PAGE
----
USA v. Guillermo Gomez Gonzalez, No. 16-50554 (5th Cir. 2017)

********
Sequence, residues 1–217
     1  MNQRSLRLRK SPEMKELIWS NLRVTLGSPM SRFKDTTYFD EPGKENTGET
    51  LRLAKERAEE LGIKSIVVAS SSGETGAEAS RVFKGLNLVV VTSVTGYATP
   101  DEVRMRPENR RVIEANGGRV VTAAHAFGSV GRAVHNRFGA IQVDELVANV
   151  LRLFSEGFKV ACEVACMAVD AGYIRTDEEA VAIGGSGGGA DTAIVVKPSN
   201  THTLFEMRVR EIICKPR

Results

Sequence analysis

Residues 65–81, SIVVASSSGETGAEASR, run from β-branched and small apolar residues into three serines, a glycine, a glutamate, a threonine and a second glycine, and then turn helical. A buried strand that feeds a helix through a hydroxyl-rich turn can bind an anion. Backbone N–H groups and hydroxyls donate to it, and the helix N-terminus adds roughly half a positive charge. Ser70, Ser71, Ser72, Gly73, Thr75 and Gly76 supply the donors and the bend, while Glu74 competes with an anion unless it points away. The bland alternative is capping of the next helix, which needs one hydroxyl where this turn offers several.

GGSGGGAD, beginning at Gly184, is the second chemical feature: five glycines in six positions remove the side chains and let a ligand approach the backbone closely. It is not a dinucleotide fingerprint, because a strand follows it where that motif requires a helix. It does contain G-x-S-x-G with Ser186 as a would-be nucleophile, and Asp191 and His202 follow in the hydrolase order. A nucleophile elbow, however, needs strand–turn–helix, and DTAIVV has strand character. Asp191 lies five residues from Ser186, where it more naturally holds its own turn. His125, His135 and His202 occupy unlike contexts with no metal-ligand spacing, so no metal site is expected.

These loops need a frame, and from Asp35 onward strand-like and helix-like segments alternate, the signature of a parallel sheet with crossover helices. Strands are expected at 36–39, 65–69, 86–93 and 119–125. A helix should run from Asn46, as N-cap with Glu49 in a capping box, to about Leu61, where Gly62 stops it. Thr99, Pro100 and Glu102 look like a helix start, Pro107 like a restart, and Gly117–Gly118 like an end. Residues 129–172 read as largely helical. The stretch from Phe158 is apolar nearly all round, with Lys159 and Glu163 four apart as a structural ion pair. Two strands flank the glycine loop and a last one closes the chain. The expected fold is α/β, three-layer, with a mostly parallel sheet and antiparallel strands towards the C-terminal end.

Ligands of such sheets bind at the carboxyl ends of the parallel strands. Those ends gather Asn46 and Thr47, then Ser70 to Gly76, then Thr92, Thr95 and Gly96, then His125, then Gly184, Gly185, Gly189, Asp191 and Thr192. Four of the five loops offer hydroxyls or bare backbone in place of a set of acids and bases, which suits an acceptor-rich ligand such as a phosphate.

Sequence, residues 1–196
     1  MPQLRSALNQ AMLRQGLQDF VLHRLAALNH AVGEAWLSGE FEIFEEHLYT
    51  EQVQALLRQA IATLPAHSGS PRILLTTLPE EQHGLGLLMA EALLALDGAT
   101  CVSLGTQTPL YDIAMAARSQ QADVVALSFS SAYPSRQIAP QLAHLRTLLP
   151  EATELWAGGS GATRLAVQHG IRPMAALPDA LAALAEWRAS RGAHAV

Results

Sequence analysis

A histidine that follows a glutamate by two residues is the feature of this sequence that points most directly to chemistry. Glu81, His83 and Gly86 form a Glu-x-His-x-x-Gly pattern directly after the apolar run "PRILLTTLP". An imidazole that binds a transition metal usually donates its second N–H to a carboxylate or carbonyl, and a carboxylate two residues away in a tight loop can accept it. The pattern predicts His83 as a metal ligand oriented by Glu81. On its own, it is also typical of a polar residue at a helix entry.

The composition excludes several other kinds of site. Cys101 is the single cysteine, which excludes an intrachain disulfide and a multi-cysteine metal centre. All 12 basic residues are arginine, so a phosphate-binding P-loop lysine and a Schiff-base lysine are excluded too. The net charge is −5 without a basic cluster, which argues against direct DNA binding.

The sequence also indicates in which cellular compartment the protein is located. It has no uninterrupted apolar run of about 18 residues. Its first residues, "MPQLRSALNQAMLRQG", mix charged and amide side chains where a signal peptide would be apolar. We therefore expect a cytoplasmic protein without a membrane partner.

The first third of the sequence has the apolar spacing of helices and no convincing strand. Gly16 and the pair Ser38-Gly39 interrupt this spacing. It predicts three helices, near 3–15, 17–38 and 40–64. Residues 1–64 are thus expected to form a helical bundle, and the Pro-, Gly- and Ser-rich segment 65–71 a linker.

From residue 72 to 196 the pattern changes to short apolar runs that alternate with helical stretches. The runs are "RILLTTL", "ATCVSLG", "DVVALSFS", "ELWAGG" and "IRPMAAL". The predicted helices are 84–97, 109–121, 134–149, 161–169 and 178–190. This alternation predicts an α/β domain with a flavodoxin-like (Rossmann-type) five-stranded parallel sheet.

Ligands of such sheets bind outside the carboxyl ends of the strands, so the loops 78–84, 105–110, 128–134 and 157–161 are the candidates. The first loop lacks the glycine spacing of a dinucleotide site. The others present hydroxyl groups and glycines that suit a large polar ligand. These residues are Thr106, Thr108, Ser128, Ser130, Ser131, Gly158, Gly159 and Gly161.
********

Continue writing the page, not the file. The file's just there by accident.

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Case: 16-50554 Document: 00513818964 Page: 1 Date Filed: 01/03/2017 IN THE UNITED STATES COURT OF APPEALS FOR THE FIFTH CIRCUIT United States Court of Appeals Fifth Circuit No. 16-50554 Summary Calendar FILED January 3, 2017 Lyle W. Cayce Clerk UNITED STATES OF AMERICA, Plaintiff – Appellee v. GUILLERMO GOMEZ GONZALEZ, also known as Albert Asael Arguet-Cruz, Defendant – Appellant Appeal from the United States District Court for the Western District of Texas USDC No. 3:15-CR-1813-1 Before BARKSDALE, GRAVES, and COSTA, Circuit Judges. PER CURIAM: * Mexican national Guillermo Gomez Gonzalez appeals the withinGuidelines 46-month sentence imposed following his guilty plea for importing and possessing heroin with the intent to distribute, in violation of 21 U.S.C. §§ 952 and 841. At sentencing, he objected to the sentence as unreasonable given his history and characteristics. Pursuant to 5th Cir. R. 47.5, the court has determined that this opinion should not be published and is not precedent except under the limited circumstances set forth in 5th Cir. R. 47.5.4. * Case: 16-50554 Document: 00513818964 Page: 2 Date Filed: 01/03/2017 No. 16-50554 Although post-Booker, the Sentencing Guidelines are advisory only, the district court must avoid significant procedural error, such as improperly calculating the Guidelines sentencing range. Gall v. United States, 552 U.S. 38, 48–51 (2007). If no such procedural error exists, a properly preserved objection to an ultimate sentence is reviewed for substantive reasonableness under an abuse-of-discretion standard. Id. at 51; United States v. DelgadoMartinez, 564 F.3d 750, 751–53 (5th Cir. 2009). In that respect, for issues preserved in district court, its application of the Guidelines is reviewed de novo; its factual findings, only for clear error. E.g., United States v. Cisneros- Gutierrez, 517 F.3d 751, 764 (5th Cir. 2008). Gonzalez’ pre-sentence investigation report (PSR) stated he was arrested at the Paso Del Norte port of entry after 4.64 gross kilograms of heroin were discovered in a secret compartment in the vehicle he was driving. He admitted he was to be paid $1,500 for transporting the drugs across the border, but denied knowledge of the type and quantity of drugs in the vehicle. The base offense level was originally determined to be 32, pursuant to Guideline § 2D1.1, though the court reduced the base offense level to 30 after finding the actual weight of the heroin was less than listed in the PSR. After reductions for a minor role in the offense, acceptance of responsibility, and safety-valve consideration, Gonzalez’ total offense level was determined to be 23. With a criminal history category of I, his advisory Guidelines sentencing range was 46-57 months’ imprisonment. As noted, at sentencing Gonzalez requested a below-Guidelines sentence, citing several mitigating factors, including his personal characteristics, family history, and reason for committing the offense, each of which was set forth in the PSR. The Government opposed the request because Gonzalez imported a significant quantity of a dangerous drug. The court implicitly agreed with the 2 Case: 16-50554 Document: 00513818964 Page: 3 Date Filed: 01/03/2017 No. 16-50554 Government and denied Gonzalez’ request, sentencing him to 46 months, the low end of the Guidelines range. And, the court overruled Gonzalez’ objection to the sentence as unreasonable given his history and characteristics. Gonzalez asserts his sentence is substantively unreasonable because it is greater than necessary to achieve the sentencing goals of 18 U.S.C. § 3553(a). He contends the court erred by giving too much weight to the drug type and quantity involved in the offense and not enough weight to his personal history and characteristics, particularly because Guideline § 2D1.1 is not empirically based. Gonzalez’ contentions are without merit. The court was not required to question the empirical grounding behind § 2D1.1. See United States v. Duarte, 569 F.3d 528, 530–31 (5th Cir. 2009). Gonzalez has not demonstrated that the court failed to give the proper weight to any particular § 3553(a) factor, or that his sentence “represents a clear error of judgment in balancing sentencing factors”. United States v. Cooks, 589 F.3d 173, 186 (5th Cir. 2009). Instead, he seeks to have this court reweigh the relevant sentencing considerations, which our court will not do. See Gall, 552 U.S. at 51. In short, Gonzalez fails to rebut the presumption of reasonableness accorded to his within-Guidelines sentence. See Cooks, 589 F.3d at 186. AFFIRMED. 3